Let $x_1,\dots,x_n$ be i.i.d. draws from $Beta\left(\frac{k}2,\frac{k-p-1}{2}\right)$. How are the minimum and maximum order statistics distributed, respectively?

I would greatly appreciate a reference if possible. In general I am not familiar with deriving order statistics.

Edit: Given that the beta distribution can be interpreted as a $k$-statistic for the uniform distribution, my guess is that the minimum or maximum of the beta-distribution is distributed according to another beta distribution.

Edit_2: I added a slightly more precise setting that I happen to care about. In the end I am looking for tailbounds for the minimum and the maximum, so whatever form leads to these I will be content with. I am also ultimately interested in the asymptotic case, but it is my next concern, so to speak.

  • $\begingroup$ You might want to mention what form of an answer you need. In general, the PDF will be a polynomial times a power of an incomplete Beta function, which is likely not to simplify or even be computable except numerically. $\endgroup$
    – whuber
    Jun 12, 2015 at 19:38
  • $\begingroup$ @whuber, I tried to answer your question in my second edit. I first of all changed the setting to be a little more specific to my interests. Second of all I am primarily concerned with the tailbound on both of these. Whatever for leads to that will make me happy. Is my argument correct about why it should be a Beta distribution (at least in some cases)? $\endgroup$ Jun 12, 2015 at 19:47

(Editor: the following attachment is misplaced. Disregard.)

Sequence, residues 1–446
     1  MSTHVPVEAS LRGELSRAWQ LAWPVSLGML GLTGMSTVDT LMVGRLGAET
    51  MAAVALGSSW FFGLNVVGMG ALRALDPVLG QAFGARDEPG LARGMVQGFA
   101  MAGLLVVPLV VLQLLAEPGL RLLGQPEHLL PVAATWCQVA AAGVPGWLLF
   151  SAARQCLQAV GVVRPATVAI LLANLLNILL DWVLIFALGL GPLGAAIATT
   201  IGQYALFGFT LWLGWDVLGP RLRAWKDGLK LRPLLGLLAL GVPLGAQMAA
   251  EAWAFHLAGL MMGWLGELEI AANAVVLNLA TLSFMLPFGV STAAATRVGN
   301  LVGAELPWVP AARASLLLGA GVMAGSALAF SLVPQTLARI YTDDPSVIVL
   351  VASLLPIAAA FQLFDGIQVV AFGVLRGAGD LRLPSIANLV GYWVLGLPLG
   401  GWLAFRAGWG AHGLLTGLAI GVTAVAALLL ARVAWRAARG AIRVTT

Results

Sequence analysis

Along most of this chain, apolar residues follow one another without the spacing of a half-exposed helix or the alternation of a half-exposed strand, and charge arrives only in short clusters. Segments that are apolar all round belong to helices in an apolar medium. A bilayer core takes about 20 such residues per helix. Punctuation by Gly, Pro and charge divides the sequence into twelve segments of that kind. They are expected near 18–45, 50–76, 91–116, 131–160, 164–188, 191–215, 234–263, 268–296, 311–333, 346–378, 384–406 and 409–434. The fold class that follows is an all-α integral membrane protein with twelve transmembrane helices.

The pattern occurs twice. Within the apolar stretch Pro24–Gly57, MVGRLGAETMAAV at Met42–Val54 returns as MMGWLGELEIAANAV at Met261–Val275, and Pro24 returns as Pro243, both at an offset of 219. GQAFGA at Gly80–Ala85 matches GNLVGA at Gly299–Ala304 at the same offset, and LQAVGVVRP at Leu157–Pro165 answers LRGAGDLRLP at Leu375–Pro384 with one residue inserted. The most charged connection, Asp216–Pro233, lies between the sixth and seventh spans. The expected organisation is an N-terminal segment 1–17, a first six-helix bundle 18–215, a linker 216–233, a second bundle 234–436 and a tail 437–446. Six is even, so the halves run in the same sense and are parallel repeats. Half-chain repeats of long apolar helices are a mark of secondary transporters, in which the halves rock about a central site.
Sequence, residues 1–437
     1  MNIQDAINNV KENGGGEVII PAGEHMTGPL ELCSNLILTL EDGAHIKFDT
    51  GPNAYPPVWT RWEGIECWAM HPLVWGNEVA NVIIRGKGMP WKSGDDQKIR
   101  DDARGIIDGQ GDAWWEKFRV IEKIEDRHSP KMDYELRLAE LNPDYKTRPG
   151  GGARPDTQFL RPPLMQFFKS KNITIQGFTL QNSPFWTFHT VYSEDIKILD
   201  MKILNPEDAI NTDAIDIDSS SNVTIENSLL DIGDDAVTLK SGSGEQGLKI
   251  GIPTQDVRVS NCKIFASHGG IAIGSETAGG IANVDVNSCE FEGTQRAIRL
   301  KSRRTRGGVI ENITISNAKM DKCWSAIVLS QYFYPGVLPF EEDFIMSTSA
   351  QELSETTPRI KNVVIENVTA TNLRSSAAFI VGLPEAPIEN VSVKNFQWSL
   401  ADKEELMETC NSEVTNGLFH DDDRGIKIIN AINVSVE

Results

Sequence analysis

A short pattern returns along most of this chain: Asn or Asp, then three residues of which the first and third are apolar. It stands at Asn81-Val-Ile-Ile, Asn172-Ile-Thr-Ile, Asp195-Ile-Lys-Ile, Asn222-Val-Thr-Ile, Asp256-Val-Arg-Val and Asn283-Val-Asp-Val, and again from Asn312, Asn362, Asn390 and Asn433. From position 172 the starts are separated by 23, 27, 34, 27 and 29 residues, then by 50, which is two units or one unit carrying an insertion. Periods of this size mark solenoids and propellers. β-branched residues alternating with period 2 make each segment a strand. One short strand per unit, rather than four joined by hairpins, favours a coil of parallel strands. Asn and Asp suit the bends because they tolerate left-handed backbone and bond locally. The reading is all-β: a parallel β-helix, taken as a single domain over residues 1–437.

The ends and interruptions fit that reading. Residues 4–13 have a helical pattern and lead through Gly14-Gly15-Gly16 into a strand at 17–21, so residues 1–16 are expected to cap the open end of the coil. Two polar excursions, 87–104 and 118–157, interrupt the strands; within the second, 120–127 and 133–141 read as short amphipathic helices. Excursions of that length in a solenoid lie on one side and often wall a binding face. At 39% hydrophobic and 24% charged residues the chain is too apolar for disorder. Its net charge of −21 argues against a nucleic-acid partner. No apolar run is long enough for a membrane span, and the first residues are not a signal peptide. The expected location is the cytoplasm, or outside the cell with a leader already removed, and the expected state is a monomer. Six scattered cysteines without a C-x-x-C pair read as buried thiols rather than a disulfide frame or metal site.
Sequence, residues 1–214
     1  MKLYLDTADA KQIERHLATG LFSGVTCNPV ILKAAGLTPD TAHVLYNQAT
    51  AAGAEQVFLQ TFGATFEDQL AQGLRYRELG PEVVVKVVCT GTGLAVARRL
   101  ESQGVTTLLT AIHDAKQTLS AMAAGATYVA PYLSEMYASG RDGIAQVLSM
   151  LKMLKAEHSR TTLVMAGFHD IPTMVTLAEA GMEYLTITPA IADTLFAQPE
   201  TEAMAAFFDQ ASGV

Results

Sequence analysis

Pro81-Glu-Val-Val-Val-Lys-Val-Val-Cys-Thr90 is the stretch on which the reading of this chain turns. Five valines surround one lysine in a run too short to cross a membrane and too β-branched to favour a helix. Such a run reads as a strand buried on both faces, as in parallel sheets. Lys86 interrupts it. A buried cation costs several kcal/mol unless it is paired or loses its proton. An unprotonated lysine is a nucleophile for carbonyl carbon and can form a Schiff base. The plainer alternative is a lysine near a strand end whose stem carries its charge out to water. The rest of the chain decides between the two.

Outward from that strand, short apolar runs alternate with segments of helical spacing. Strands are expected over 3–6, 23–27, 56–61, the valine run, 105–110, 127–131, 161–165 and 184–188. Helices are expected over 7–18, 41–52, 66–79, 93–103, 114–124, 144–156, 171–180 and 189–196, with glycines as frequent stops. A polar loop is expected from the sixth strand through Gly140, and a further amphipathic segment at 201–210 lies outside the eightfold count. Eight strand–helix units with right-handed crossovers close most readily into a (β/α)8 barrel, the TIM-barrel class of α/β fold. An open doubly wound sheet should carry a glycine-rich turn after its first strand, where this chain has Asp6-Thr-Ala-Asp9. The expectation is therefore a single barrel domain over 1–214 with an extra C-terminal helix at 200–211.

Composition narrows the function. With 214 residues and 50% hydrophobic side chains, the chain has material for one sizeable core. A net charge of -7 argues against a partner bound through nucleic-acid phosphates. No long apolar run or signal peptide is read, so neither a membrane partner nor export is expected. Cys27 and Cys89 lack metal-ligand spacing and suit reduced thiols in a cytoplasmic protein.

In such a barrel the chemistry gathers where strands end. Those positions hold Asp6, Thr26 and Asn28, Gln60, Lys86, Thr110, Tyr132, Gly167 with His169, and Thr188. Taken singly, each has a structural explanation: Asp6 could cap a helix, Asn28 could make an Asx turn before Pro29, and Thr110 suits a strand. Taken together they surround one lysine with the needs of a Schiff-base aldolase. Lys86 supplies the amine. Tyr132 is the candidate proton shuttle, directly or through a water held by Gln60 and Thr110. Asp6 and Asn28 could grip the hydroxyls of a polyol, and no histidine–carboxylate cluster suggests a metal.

• $\begingroup$ I believe your argument applies when (a) $k/2=1$ and you seek the minimum and (b) $(k-p-1)/2=1$ and you seek the maximum. Otherwise it does not apply because the extreme values of a set of middle-order statistics are not the same things as order statistics. $\endgroup$
    – whuber
    Jun 12, 2015 at 19:49
  • $\begingroup$ I am interested in the more general case $(k-p-1)/2$ isn't necessarily $1$. In fact, ultimately I want to calculate what happens when $k$ and $p$ go to infinity. $\endgroup$ Jun 12, 2015 at 19:57
  • 1
    $\begingroup$ you should also specify something about the relationship between $k$ and $p$ as they both go to infinity--does one go faster than the other? $\endgroup$ Jun 12, 2015 at 23:01

1 Answer 1


Let the parent random variable $X \sim Beta(a,b)$ with pdf $f(x)$:

(source: tri.org.au)

Then, given a sample of size $n$, the pdf of the $1^{st}$ order statistic (sample minimum) is:

(source: tri.org.au)

... and the pdf of the $n^{th}$ order statistic (sample maximum) is:

(source: tri.org.au)


  • I am using the OrderStat function from the mathStatica package for Mathematica to automate the nitty-gritties

  • Beta[x,a,b] denotes the incomplete Beta function $B_x(a,b) = \int _0^x t^{a-1} (1-t)^{b-1} d t$

  • and the domain of support is (0,1).


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